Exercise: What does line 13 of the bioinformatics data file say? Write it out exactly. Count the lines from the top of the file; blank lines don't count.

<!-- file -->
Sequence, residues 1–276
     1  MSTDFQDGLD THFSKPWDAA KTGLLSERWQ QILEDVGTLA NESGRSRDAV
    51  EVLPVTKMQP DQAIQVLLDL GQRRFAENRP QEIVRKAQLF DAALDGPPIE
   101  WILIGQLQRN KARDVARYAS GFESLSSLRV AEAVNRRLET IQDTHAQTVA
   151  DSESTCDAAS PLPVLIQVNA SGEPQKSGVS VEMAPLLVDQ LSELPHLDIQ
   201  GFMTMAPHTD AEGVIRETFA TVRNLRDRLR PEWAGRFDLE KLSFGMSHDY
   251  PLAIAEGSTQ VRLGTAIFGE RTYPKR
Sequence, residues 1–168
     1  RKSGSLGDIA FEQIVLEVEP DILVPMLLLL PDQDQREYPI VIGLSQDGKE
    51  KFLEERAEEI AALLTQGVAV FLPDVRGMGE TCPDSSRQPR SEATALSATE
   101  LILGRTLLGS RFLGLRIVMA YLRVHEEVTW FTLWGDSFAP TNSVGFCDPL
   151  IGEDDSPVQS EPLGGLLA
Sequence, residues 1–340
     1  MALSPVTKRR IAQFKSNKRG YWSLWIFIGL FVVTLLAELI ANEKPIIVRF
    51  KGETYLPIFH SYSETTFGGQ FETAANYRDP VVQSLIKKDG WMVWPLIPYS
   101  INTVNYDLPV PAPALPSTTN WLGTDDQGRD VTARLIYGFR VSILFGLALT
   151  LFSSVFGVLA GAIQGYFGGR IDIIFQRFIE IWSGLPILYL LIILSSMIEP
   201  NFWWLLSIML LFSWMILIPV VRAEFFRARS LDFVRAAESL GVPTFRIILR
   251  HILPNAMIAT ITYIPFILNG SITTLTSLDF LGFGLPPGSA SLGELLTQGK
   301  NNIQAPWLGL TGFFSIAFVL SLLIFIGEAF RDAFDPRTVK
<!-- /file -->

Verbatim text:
Sequence, residues 1–340